Bellefleur

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E. P. Dutton, 1980 - Fiction - 558 pages
48 Reviews
Portrays six generations of eccentric characters, all part of the wealthy and notorious Bellefleur clan, as they are affected by historical events such as the War of 1812 and Lincoln's assassination

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Review: Bellefleur (The Gothic Saga #1)

User Review  - Marehaven - Goodreads

I love mystical stories but I feel like this book was a waste of my time. The 1st chapter hooked me, I eagerly read and read... and read. I lost my enthusiasm well before the end of the book and it's ... Read full review

Review: Bellefleur (The Gothic Saga #1)

User Review  - Kathy Garcia - Goodreads

Interesting story but too many long sentences / paragraphs / nested asides. In the notes accompanying the book, the author mentioned that many passages came straight from her notes, with little or no editing. It shows; Mir judicious editing would have vastly improved this book. Read full review

Contents

The Arrival of Mahalaleel
3
The Pond
18
The BeUefieur Curse
29
Copyright

32 other sections not shown

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About the author (1980)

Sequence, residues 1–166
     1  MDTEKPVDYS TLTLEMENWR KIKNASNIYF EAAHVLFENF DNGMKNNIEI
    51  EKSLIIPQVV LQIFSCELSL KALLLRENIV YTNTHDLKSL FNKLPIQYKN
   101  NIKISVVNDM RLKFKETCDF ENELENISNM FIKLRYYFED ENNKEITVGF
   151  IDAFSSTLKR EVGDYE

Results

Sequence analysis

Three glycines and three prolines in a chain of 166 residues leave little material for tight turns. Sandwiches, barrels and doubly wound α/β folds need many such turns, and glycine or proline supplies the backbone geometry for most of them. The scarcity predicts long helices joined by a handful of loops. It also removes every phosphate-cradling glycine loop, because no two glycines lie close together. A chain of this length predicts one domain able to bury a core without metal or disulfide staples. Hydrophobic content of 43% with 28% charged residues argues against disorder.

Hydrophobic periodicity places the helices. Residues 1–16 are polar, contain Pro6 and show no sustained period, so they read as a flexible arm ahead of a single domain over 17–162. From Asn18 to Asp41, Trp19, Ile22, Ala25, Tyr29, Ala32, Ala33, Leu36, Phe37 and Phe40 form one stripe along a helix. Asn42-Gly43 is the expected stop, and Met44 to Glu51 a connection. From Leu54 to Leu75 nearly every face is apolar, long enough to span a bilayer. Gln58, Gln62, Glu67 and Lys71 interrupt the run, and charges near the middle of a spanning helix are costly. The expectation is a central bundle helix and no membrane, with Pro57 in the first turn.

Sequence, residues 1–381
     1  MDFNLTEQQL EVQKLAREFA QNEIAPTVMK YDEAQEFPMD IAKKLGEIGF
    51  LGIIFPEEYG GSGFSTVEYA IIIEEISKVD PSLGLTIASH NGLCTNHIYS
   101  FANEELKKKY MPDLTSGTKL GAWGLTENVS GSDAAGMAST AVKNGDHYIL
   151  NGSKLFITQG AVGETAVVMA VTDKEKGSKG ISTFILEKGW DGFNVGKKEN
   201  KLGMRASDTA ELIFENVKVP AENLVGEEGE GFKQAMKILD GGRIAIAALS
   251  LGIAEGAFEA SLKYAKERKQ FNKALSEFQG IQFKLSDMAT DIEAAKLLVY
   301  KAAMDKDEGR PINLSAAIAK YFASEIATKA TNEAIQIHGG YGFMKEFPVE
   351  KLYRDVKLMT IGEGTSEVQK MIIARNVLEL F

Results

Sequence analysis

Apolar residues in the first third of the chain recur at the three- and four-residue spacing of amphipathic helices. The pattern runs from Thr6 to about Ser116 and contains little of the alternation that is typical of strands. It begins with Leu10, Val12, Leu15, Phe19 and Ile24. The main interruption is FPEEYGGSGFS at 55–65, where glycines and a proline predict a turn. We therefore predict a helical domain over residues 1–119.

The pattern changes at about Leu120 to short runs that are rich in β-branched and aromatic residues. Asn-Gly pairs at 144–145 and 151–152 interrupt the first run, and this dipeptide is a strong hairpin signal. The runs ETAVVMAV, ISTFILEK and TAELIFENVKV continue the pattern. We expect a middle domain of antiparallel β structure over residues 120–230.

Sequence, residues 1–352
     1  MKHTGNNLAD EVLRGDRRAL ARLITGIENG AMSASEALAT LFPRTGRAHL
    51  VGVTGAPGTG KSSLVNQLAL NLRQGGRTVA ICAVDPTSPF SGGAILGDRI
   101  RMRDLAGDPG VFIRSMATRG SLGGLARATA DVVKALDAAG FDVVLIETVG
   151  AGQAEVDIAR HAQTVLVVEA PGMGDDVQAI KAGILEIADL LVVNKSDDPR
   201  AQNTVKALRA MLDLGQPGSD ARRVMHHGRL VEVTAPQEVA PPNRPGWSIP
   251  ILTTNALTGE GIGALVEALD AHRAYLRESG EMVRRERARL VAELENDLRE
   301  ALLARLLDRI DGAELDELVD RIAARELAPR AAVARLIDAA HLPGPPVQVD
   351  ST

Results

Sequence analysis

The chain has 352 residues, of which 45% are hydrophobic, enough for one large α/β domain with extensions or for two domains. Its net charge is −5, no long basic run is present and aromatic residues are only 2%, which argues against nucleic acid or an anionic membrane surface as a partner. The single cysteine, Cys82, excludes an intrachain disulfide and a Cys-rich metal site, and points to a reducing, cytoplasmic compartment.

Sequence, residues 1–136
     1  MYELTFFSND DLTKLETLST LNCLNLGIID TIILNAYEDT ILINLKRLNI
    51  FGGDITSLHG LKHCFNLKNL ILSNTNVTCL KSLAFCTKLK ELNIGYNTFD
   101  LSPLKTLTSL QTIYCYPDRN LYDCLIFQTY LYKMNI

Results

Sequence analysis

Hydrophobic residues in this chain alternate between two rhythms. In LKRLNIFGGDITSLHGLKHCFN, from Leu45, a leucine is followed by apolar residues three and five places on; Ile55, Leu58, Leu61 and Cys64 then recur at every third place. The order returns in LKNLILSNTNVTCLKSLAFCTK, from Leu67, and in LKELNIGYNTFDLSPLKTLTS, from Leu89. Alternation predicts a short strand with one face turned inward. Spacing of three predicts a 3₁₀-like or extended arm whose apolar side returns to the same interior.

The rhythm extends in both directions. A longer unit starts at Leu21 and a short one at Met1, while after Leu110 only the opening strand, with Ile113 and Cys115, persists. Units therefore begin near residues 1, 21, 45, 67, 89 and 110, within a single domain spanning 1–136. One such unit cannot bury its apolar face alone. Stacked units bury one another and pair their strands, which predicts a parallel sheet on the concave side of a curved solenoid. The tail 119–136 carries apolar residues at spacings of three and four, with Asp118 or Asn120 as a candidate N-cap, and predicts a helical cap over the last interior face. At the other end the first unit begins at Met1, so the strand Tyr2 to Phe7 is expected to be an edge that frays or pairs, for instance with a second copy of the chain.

Joyce Carol Oates was born in 1938 in Upstate, New York. She attended Syracuse University and graduated as Valedictorian. She then attended University of Wisconsin where she earned an M. A. By the time she was 47 years old, she had published at least that many separate books, including 16 full-length novels and more than a dozen collections of short stories. Some of her works were done under the pseudonym Rosamund Smith. She has also written numerous poems collected in several volumes, at least three plays, many critical essays, and articles and reviews on various subjects while fulfilling her obligations as a professor of English at the University of Windsor, where with her husband Raymond Smith she edited the Ontario Review, which the couple has continued since moving to Princeton in 1978. She has earned a reputation as indubitably one of our most prolific writers and very likely one of our best. Her fiction alone demonstrates considerable variety, ranging from direct naturalism to complex experiments in form. However, what chiefly makes her work her own is a quality of psychological realism, an uncanny ability to bring to the surface an underlying sense of foreboding or a threat of violence that seems to lurk just around the corner from the everyday domestic lives she depicts so realistically. Her first six novels, including Them (1969), which won the National Book Award, express these qualities in varying ways. she is also the recipient of an NEA grant, a Guggenheim fellowship, the PEN/Malamud Lifetime Achievement Award, and the F. Scott Fitzgerald Award for Lifetime Achievement in American Literature. She resides in New Jersey.

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